The Kennedy Center

Recuerdos de la Alhambra

About the Work

Francisco Tárrega Composer: Francisco Tárrega
© Dr. Richard E. Rodda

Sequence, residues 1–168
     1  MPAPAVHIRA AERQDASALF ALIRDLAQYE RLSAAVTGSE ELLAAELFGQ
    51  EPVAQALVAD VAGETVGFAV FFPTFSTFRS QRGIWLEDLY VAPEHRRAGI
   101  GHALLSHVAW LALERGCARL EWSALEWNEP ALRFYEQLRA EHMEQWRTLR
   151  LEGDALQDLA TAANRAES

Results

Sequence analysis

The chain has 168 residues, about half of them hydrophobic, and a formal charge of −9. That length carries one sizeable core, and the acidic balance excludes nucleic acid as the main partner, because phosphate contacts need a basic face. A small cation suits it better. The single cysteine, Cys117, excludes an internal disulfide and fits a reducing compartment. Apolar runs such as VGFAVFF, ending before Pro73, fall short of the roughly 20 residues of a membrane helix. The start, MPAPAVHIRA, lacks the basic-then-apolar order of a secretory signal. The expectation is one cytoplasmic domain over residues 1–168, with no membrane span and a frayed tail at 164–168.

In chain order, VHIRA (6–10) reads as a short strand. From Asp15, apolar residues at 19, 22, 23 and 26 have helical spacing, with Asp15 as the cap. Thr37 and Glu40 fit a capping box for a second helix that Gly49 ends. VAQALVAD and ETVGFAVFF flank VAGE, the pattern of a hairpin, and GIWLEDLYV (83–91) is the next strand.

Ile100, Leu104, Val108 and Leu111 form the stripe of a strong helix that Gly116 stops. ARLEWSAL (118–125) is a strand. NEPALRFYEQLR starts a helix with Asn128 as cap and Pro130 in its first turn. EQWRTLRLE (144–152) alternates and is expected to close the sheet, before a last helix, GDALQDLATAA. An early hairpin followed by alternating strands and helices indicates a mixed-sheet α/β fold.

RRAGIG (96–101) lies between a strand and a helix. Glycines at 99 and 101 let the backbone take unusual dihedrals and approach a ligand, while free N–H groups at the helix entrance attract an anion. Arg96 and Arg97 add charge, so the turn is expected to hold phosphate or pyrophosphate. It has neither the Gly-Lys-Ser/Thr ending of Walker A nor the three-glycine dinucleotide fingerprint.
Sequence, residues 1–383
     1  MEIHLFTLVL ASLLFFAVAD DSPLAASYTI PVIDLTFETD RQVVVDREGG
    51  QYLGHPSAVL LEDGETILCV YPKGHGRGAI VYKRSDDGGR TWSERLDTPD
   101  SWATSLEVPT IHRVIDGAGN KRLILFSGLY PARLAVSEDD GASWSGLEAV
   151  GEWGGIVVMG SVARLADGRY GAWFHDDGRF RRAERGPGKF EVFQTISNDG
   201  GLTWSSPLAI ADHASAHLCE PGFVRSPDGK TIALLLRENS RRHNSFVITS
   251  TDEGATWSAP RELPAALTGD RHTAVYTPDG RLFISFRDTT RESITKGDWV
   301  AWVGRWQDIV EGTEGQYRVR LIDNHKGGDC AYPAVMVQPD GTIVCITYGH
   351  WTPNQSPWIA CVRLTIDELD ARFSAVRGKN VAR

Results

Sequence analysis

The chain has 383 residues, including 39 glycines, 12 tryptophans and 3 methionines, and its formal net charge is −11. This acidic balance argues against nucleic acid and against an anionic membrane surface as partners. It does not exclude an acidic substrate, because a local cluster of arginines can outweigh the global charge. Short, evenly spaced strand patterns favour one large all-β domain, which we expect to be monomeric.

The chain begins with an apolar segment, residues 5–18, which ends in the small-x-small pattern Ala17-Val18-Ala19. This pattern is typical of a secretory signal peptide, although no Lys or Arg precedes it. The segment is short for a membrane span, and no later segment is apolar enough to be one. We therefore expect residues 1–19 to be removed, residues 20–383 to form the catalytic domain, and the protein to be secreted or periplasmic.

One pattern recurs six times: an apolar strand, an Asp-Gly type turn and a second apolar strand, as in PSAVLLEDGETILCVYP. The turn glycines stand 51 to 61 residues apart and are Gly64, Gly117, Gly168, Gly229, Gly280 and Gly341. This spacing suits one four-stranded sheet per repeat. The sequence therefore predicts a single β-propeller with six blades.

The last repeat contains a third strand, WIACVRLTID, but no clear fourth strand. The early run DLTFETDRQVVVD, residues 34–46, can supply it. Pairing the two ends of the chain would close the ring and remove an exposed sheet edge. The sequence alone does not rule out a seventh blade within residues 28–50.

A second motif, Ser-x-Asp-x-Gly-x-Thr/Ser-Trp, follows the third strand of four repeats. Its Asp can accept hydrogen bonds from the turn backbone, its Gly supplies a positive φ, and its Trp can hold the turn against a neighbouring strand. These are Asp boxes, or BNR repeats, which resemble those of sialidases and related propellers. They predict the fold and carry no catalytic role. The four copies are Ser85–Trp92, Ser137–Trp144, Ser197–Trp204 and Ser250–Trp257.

Francisco Tárrega was a seminal figure in the history of the guitar, the virtuoso and composer who helped to launch the instrument's rebirth in the 20th century. Tárrega, widely equated during his lifetime with Spain's greatest violinist as "the Sarasate of the guitar," was born in Villarreal, Castellón on November 21, 1852. He began his musical studies on the piano, the day's most fashionable instrument, and took up the guitar at age ten as a student of Julian Arcas. Tárrega studied theory and performance at the Madrid Conservatory from 1874 to 1877, and supported himself after leaving the school as a concert guitarist and teacher. His performances in Paris and London in 1880 not only established his prominence as an artist of international stature but also helped to legitimize the guitar as a concert instrument. Tárrega continued to tour widely until suffering a stroke in 1906 that paralyzed his right arm. His influence as a performer, teacher, composer and arranger was universally acknowledged by the time of his death, on December 15, 1909, in Barcelona. Among the most famous of Tárrega's solo pieces is the haunting "tremolo study" Recuerdos de la Alhambra ("Remembrances of the Alhambra").